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Sony ICFC1T alarm clock/radio is manufactured so that in the event of a power outage, you have the peace of mind that your device will continue working so you never miss an event.

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ICF-C1 Clock runs fast

Hi everyone - my ICF-C1 clock radio runs fast, gaining about 1 minute and 20 seconds every month. I cannot locate a schematic for this clock radio, so I am unsure if I can modify an RC/crystal circuit to adjust the timing or whether this uses the 60hz mains frequency as a reference. Has anyone had any luck in locating a schematic diagram or in replacing a resistor or capacitor to have more accurate time? Technician with 30 years experience here, just looking for a diagram or helpful advice.

Thanks,

Rick

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same problem. mine is about 1:30 per month. pretty close. there is nothing in sony support that acknowledges or addresses this.

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So no luck in finding a circuit diagram for this clock radio. The clock chip is a LC87BB08A-5CD7 but I cannot find any pinouts for this chip. Does anyone know a good location to view, or does anyone have a datasheet for this chip? None of the other Sony service manuals I looked through, that actually have a schematic and a parts list, use this chip.

Thanks!

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Hi @ricketts223 ,

Don’t know if this is helpful, but here’s a link to the service manual that whilst in itself is not helpful, there are links at the bottom of the page to the service manuals for other ICF C1xx models.

A quick glance through a few of them, shows no mention of a crystal oscillator module in the parts list, so it may be that the mains frequency is used for the time reference. Hopefully yours is the same

Note: You can view the manuals online but you need to select the next page at the bottom of the page to move through the manual. To download you have you sign up to the website.

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Thanks Jayeff - I'll check it out. I popped the lid and there are 2 crystals, one near the radio and one near the clock chip, but unsure exactly at the moment. Just an initial cursory look. I'll definitely check out the link - thanks!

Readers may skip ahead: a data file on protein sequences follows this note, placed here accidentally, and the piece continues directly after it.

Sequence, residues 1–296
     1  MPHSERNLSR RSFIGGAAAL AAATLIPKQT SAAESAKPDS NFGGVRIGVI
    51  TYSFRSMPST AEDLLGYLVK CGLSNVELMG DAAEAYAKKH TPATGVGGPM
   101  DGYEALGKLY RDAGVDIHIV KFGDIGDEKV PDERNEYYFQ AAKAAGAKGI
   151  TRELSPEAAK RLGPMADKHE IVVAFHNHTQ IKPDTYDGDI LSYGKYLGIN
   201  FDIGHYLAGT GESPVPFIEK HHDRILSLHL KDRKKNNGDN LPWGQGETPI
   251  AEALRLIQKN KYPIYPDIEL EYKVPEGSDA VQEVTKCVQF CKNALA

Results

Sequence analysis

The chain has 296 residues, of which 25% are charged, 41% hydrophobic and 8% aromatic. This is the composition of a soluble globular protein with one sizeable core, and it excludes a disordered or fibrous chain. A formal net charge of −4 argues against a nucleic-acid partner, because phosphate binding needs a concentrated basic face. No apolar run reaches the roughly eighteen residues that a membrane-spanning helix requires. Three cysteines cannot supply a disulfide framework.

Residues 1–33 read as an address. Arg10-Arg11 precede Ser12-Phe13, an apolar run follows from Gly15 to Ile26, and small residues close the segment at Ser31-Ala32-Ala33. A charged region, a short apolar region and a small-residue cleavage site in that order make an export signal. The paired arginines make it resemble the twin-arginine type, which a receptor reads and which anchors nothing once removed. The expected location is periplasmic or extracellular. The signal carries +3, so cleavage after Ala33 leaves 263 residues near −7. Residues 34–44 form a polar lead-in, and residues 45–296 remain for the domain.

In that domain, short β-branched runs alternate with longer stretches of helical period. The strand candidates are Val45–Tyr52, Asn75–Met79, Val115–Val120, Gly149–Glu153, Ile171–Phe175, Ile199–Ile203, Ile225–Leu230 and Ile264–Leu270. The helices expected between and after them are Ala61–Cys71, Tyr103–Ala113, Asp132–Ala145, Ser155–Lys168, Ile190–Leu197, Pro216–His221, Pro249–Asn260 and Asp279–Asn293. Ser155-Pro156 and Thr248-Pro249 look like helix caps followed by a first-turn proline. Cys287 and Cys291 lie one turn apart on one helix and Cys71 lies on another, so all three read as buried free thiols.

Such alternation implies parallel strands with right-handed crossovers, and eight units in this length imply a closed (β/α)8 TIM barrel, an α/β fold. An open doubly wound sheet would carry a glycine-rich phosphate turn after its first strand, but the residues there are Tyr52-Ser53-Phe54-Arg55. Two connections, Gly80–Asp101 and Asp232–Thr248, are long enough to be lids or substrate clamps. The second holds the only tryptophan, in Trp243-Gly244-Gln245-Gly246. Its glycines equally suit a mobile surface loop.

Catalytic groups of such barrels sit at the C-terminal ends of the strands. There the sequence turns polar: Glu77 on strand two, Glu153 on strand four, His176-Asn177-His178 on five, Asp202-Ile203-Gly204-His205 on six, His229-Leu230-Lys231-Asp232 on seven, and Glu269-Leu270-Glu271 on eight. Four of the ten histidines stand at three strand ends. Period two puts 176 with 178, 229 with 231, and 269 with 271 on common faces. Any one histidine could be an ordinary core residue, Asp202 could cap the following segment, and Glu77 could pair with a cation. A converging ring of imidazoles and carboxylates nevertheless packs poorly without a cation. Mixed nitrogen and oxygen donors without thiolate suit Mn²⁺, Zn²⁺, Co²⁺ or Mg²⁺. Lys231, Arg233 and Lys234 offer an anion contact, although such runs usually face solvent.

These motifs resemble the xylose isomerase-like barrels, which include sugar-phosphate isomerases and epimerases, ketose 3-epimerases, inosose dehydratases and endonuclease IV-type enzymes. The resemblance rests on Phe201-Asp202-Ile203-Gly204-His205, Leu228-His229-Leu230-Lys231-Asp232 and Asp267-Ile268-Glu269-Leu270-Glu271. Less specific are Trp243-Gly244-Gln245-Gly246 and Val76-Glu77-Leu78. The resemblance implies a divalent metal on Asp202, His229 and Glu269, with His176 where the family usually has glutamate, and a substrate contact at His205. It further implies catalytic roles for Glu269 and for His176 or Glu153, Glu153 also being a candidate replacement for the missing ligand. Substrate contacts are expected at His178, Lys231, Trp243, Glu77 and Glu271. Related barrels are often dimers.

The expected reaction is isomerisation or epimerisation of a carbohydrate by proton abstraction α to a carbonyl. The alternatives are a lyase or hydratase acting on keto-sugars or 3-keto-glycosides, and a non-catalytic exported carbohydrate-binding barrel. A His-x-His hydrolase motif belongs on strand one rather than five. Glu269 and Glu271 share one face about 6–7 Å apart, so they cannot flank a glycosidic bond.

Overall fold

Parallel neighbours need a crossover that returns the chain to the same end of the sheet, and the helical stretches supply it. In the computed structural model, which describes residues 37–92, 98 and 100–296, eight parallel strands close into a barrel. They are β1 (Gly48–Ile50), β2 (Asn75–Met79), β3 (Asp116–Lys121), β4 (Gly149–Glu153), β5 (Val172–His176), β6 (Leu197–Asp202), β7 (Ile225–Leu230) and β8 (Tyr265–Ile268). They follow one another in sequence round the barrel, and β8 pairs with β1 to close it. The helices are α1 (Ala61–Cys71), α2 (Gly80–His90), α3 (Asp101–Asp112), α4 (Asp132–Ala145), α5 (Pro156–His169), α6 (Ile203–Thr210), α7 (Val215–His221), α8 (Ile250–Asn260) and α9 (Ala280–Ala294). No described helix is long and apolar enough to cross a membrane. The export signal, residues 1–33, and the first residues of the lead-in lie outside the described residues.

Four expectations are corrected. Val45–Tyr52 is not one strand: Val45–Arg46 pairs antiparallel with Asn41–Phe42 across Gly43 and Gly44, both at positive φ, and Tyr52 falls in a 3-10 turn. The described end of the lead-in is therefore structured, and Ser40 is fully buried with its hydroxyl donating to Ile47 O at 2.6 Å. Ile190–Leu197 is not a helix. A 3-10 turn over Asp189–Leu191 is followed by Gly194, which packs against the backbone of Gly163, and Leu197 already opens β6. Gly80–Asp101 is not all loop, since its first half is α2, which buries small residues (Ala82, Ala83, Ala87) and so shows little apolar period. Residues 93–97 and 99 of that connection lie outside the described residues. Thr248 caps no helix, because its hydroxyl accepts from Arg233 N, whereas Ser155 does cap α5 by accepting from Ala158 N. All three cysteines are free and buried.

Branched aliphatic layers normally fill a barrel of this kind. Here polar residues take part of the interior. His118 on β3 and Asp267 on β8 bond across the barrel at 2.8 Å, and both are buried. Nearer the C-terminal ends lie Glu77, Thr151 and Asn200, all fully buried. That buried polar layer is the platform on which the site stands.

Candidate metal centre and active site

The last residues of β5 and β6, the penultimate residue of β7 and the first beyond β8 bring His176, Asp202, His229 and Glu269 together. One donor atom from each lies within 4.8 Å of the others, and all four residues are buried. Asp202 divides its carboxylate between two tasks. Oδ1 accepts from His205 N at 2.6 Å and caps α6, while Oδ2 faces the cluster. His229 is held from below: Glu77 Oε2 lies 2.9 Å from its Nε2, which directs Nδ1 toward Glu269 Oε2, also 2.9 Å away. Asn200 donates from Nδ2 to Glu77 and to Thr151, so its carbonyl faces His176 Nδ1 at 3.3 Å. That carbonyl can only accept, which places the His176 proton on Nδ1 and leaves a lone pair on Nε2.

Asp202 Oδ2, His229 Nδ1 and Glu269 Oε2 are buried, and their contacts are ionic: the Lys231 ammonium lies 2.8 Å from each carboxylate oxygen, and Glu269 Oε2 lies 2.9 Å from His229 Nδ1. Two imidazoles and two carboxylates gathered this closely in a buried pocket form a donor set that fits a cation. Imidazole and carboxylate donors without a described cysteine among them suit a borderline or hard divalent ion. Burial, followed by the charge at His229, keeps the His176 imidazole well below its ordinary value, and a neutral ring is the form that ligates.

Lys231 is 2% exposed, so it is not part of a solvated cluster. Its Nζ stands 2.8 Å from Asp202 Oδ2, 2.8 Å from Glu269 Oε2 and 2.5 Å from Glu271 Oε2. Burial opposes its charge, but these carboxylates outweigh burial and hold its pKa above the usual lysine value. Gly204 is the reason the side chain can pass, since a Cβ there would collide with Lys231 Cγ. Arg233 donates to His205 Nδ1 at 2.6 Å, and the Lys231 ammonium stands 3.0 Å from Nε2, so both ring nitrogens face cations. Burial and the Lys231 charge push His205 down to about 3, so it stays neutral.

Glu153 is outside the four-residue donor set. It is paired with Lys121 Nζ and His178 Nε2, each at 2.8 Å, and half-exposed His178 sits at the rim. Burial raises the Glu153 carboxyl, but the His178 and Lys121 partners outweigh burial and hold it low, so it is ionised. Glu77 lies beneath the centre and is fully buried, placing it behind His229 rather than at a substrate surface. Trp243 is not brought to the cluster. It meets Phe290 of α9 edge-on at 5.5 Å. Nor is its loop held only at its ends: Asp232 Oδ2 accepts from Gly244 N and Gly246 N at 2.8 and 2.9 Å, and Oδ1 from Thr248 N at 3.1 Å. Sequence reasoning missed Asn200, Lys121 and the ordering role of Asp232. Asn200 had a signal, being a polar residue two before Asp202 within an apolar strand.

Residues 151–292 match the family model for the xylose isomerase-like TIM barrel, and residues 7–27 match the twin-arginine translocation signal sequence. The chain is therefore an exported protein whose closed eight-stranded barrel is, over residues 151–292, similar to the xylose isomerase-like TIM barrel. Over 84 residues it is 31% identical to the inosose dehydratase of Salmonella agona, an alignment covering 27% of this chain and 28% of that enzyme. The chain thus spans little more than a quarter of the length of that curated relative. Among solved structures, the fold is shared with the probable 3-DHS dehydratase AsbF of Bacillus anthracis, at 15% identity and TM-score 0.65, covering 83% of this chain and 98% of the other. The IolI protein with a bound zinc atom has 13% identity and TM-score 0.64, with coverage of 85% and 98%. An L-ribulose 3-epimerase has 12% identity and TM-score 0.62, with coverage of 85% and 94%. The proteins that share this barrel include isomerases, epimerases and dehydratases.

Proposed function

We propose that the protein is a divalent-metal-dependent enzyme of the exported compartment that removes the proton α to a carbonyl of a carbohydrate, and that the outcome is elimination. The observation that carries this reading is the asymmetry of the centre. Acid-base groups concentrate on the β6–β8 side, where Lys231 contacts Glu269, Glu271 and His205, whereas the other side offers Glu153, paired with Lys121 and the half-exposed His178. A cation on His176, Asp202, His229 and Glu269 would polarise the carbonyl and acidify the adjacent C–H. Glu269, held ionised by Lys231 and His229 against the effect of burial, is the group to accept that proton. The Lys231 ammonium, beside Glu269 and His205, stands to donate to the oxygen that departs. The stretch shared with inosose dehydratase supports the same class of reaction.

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Did you solve this? I have a SONY Dream machine ICF-C414 that also runs fast (but I have another, bit older ICFC180 and that one doesnt drift at all even after a year+.) Would like to know if replacement of crystal or as you said a resistor or something would fix it. I dont need atomic clock here, but reducing it to drifting a minute in more than a year would be a big improvement.

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Andrei, sorry, didn't see this until now. I never did solve the issue, sadly. I ended up giving the clock radio away and swore to never buy another Sony again

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You can't really fix this - I have the same clock and the problem is that Sony was too cheap to use a proper IC that tracks the time via the AC mains frequency (which power companies go to great pains to ensure averages exactly 50 or 60Hz over time). Here Sony is using a generic 8-bit microcontroller and running the clock off the base time-of-day counter w/out an RTC and w/ the lithium battery as a backup power source.

You can find the datasheet for this by searching the sister part number LC87FBG08A (with a different footprint), for example the datasheet is available via Mouser: https://www.mouser.com/ProductDetail/ons...

There is an onboard crystal oscillator (part S3X1, X2 on the PCB schematic) supplying the 32.768K oscillations. The best accuracy that can theoretically be achieved is ±20ppm at room temperature (~10.34 minutes gained or lost/year), but with the temperature swings on the board it's going to be worse than that.

An option which I haven't tried is to replace the XTAL with a DS3232 TCXO. Someone else figured out that you can add the TCXO instead, though your results may vary.

Sony's entire circuit is an exercise in cost savings and I cannot recommend using any Sony ICF-XXX clock to accurately keep time.

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Thanks Mahmoud - sad to see a company such as Sony stoop to such sad design practices. I have an old low grade cassette/8 track stereo from 1980 with a built in digital clock that keeps perfect time - even to this day.

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Rick Fecho さん、ありがとうございました!
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